The list of registered dentists practising in four health boards areas in the West of Scotland was provided by the Dental Practice Division of the Common Services Agency. From this list an initial random sample of 20% of about 900 dentists in these health board areas was selected by means of the random sample facility within SPSS for Windows. Identified dentists were sent a letter of introduction including details of the research project and were subsequently contacted by telephone. Several dentists responded to an article in Scottish Dentist and volunteered to participate, and an additional group of other dentists who had heard of the project by word of mouth also volunteered to participate. In total 129 dentists (71.7%) were recruited by randomly sampling from the register and 51 dentists (28.3%) were self selected volunteers.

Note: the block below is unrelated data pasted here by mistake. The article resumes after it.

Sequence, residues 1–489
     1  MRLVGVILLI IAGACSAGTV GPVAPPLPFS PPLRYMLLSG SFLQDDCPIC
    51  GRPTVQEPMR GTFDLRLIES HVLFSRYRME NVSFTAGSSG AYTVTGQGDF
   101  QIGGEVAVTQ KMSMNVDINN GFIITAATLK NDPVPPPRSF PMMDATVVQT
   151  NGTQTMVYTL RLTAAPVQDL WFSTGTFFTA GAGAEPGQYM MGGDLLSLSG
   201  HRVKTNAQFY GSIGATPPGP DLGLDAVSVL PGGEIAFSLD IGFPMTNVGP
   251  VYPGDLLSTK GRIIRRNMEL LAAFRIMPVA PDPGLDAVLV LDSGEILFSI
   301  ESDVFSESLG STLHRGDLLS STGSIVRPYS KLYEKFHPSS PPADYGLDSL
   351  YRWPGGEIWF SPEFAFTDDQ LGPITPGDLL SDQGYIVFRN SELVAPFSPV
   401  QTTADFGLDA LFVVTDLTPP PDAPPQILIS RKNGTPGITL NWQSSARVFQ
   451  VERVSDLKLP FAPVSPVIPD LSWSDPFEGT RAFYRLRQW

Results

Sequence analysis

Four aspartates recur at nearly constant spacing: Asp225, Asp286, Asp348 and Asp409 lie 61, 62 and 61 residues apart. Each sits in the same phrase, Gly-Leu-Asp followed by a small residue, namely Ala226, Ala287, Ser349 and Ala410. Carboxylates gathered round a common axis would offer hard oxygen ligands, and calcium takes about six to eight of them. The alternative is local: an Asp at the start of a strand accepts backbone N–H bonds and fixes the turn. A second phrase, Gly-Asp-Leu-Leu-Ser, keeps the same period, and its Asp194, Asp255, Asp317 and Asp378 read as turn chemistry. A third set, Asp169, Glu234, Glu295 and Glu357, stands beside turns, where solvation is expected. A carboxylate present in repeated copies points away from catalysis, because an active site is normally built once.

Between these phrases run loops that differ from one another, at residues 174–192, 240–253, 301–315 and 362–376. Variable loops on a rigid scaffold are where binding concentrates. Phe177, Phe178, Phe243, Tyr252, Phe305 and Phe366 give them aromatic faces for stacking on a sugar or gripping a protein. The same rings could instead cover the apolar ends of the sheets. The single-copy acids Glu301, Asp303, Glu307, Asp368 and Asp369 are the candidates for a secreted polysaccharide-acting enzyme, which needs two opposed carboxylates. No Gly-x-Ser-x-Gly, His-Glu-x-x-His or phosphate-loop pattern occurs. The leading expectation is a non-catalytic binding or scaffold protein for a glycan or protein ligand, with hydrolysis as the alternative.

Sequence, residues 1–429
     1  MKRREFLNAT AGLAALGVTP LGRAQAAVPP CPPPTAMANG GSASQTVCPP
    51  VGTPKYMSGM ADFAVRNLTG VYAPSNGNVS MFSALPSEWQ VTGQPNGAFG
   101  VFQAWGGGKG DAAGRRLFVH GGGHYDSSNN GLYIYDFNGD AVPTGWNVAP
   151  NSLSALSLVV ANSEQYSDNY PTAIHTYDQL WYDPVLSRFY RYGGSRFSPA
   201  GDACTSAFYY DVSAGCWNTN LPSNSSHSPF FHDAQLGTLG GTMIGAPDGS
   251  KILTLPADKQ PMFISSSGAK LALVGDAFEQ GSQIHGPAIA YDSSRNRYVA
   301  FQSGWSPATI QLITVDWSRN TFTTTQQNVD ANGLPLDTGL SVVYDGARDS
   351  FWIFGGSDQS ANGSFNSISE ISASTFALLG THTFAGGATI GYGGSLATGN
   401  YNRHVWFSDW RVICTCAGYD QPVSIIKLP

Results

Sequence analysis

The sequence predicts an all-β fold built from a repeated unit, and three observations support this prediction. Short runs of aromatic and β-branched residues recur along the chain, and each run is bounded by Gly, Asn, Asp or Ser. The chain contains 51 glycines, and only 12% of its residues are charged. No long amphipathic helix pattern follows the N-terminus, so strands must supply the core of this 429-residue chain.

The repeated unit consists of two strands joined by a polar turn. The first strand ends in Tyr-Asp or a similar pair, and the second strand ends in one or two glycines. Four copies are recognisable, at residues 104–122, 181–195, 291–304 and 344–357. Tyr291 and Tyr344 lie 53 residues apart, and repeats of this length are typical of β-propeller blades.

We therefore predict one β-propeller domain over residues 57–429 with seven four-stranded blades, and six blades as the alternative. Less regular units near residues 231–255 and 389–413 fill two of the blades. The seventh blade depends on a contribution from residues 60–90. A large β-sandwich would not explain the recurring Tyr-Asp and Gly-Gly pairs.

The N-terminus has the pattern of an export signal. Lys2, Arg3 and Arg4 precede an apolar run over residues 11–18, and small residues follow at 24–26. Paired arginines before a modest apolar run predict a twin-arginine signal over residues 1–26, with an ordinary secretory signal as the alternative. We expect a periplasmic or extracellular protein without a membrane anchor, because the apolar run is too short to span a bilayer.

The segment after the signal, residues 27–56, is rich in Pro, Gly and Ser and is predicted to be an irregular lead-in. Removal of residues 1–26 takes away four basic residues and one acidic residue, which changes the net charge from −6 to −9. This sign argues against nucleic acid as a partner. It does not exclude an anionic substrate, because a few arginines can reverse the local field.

Control subjects, matched to dentists by academic ability were recruited from the staff of the University of Glasgow. Subjects in the control group were invited to participate through an article published in the university newsletter and through email mailing lists of university employees and postgraduate students. Emails were targeted to those staff likely to meet the requirements of having a first degree and not to have been exposed to mercury on a regular basis.
A sample of 180 dentists and 180 controls gives 90% power to detect a difference in mean reaction times between dentists and controls of about 20 ms for simple or choice reaction times, or a difference in mean number of words recalled of 0.7. For percentages reporting each symptom or condition, a difference of 5% versus 15% is detectable with 90% power. This sample size was the largest feasible, given the available resources.